That home team currently resides in the Intercontinental Cup and World Cricket League Championship. This marks something of a decline for a team that, just seven years after they joined the ICC in 1989, played in the 1996 World Cup. They didn't disgrace themselves either, defeating the Netherlands to stay off the bottom of their group. Two years earlier, the UAE side had already made ODI outings in the 1994 Australasia Cup. Then, as now, the side was stocked mostly with ex-pats like Mazhar Hussain, Arshad Laeeq and Saleem Raza, all of whom had played at first-class level in Pakistan before emigrating.
Now, the core of the team is still stocked with ageing ex-pats like Saqib Ali, Khurram Khan and Arshad Ali. All of them have represented the UAE with distinction, but at the ages of 35, 42 and 37 respectively, they aren't getting any younger. The first to fade seems to have been Saqib Ali, whose runscoring diminished last year to the extent that he lost his once-permanent place in the side. Khurram, however, continues to excel despite his advancing years, although how for long he can continue to do so is unclear, and the same also applies to Arshad. The future for the Emirates cricket team is equally hazy, as out of the next generation of players, only Swapnil Patil has so far made a significant impact, and he is already nearing his thirties.
The UAE has been a strong Associate, mostly thanks to veteran ex-pats.
The UAE have historically been a batting side, particularly suited to the longer format. A perusal of their players reveal first-class batting averages of 55 (Swapnil Patil), 53 (Saqib Ali), 42 (Khurram Khan) and 41 (Arshad Ali) which, regardless of your opinion of the quality of oppositions such as Bermuda and Namibia, who have counted as first-class opposition, are impressive numbers. One man who is missing from that list is Shaiman Anwar, a talented right hander who has come of age impressively in the last eighteen months.
The back-up batsmen, however, aren't quite so impressive. Aside from Swapnil Patil, the youngest of the aforementioned batsmen is 34-year-old Anwar. The next generation of batsmen, as of yet, do not have a run to share between them, and in five years, this could hint at a much weaker line-up. While the current players may be able to earn qualification for Australia in 2015, and may even be able to last until then, but there is also a risk that they may not. Arab cricket does not seem to have a plan B.
Khurram Khan could probably have played Test cricket, had things gone differently for him in his native Pakistan, but instead his cricketing career started in earnest at almost 34 years of age when he first represented the UAE. He had made up for lost time in impressive fashion, and next year will have played in the grey kit of his country for a decade. He has been worthy of his place as either a batsman or bowler alone, and as both at once, as well as a leader of men who can make a team play better than the sum of its parts.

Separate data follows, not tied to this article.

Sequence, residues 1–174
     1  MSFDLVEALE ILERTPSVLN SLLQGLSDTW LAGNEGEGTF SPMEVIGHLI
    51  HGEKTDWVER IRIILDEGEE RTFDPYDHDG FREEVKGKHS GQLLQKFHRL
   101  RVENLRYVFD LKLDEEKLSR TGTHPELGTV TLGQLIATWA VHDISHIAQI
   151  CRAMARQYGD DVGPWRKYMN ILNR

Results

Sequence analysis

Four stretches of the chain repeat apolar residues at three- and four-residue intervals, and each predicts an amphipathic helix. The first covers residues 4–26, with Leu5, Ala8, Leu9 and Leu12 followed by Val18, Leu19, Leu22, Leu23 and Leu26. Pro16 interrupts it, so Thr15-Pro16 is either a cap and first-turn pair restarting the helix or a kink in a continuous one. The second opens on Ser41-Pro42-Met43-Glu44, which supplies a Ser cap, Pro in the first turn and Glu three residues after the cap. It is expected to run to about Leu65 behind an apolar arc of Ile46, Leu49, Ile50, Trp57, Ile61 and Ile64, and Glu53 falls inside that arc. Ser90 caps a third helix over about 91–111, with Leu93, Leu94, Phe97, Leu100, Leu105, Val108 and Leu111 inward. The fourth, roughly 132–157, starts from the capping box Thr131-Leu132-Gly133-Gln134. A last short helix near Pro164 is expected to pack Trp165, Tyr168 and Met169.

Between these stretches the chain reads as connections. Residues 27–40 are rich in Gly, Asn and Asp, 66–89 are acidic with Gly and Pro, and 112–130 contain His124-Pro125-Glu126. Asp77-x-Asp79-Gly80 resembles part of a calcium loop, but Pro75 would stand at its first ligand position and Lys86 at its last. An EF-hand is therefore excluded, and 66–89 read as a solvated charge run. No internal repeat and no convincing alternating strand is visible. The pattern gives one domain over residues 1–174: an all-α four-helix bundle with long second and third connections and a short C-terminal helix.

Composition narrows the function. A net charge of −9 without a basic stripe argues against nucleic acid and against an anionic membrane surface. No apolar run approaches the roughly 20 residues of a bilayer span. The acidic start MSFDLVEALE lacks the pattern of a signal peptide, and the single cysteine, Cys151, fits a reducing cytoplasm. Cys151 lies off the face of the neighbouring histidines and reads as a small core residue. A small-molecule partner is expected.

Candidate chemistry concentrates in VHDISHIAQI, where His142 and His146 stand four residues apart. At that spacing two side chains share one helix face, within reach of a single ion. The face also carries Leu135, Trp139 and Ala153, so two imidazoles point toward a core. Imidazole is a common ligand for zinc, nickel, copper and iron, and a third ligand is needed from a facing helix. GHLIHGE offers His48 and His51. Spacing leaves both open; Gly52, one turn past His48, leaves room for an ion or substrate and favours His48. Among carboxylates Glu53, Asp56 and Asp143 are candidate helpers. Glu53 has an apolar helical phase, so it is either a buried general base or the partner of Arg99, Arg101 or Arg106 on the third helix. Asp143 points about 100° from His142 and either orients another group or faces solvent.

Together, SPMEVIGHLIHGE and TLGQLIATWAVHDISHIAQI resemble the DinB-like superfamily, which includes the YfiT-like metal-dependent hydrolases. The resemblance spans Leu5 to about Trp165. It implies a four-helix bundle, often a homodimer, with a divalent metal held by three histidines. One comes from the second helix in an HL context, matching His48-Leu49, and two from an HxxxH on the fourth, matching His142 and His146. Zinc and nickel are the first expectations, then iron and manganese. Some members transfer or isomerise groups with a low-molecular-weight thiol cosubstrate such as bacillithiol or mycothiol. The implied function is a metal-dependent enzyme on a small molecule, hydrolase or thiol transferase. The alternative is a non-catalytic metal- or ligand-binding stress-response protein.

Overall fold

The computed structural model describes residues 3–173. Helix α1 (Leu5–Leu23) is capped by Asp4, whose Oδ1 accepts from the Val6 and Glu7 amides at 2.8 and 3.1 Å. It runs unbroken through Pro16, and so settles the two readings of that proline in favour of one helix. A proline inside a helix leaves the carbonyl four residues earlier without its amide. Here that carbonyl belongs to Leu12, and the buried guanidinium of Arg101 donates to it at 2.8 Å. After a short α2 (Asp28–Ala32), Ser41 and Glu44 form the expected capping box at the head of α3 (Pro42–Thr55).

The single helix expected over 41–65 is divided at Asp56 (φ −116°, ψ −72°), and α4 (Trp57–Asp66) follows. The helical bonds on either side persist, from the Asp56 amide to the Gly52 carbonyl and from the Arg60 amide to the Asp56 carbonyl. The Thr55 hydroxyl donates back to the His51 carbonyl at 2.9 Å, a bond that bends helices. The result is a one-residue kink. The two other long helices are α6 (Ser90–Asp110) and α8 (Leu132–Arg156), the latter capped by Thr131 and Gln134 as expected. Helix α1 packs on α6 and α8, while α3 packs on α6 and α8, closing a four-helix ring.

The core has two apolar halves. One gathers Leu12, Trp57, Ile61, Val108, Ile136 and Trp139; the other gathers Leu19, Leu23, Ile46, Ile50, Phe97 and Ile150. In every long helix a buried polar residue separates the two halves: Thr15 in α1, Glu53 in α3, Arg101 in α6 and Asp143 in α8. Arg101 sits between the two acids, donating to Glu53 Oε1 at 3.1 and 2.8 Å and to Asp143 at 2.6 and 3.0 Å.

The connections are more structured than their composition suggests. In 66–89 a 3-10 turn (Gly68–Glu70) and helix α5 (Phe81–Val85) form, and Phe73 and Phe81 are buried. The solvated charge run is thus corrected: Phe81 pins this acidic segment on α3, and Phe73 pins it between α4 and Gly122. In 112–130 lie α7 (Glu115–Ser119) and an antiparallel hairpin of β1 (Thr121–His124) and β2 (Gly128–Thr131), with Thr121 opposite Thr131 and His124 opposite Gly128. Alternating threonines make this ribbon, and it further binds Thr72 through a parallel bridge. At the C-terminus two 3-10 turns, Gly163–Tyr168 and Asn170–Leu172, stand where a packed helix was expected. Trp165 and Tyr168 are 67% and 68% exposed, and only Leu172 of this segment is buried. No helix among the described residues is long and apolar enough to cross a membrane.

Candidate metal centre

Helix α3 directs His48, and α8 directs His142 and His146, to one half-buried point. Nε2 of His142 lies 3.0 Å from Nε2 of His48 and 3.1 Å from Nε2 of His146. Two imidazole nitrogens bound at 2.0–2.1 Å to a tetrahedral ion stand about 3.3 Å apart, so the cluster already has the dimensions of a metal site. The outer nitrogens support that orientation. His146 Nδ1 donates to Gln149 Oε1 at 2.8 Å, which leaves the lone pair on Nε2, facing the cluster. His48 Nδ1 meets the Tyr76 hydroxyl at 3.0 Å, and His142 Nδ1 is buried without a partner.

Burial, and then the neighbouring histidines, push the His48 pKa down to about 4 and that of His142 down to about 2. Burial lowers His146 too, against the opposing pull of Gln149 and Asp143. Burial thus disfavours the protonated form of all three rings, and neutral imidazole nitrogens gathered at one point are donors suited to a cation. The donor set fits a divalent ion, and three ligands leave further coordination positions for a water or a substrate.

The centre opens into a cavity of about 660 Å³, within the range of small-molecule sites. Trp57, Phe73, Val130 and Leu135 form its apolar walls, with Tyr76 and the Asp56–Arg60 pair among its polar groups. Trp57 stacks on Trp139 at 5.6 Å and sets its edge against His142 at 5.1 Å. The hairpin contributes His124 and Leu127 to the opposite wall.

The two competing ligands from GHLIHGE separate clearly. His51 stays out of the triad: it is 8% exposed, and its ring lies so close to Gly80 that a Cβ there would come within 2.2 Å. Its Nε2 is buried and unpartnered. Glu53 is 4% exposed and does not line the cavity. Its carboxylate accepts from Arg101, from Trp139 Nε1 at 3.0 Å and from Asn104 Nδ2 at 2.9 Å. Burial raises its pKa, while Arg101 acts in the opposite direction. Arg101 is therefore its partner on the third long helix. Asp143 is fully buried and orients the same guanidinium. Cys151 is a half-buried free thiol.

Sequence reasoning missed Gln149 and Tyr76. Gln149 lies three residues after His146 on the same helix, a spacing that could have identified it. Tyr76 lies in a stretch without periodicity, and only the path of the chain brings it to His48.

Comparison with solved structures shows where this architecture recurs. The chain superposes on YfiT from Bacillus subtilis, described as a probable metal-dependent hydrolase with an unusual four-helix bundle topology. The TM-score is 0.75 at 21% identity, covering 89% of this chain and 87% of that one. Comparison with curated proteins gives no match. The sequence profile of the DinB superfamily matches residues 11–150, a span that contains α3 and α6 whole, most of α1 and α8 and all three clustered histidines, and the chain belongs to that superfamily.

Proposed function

Personally, I have found it difficult to find real evidence regarding domestic cricket in the UAE. However, I have seen that one of their top domestic competitions has been able to lure in the lucrative talent of Pakistan all-rounder Shahid Afridi, and having someone of his calibre around can only be inspirational for young cricketers. Out of all of the billions of dollars floating around the Emirates, some of them have to find their way to cricket, simply by a process of elimination and the laws of averages (and evidenced in the shiny stadia dotted around the place). I can't see much evidence of hard work at the bottom of the pyramid, though, in schools and clubs, and this will only result in more sides full of ex-pats that, while they may bring success, may not bring global respect.
With little apparent visibility of grass roots cricket, potential young players in the UAE will have little opportunity to refine their skills. Those who are more determined, like Abdul Rehman, Fahad Alashmi and Naeemuddin Aslam, successfully found their way to the national set-up at a relatively young age, but they are firmly in the minority. The "home-grown quota" introduced in 2008 was helpful to the cause of such young players, but now with no World Cup to look forward to past 2015, there's little reason for them to strive anyhow.
Next week, I look at a nation that has worked hard to progress, and is doing so: Nigeria. That article will be next Thursday, because I will be watching, and possibly playing against, Nigeria on the regular Wednesday slot. Until next week.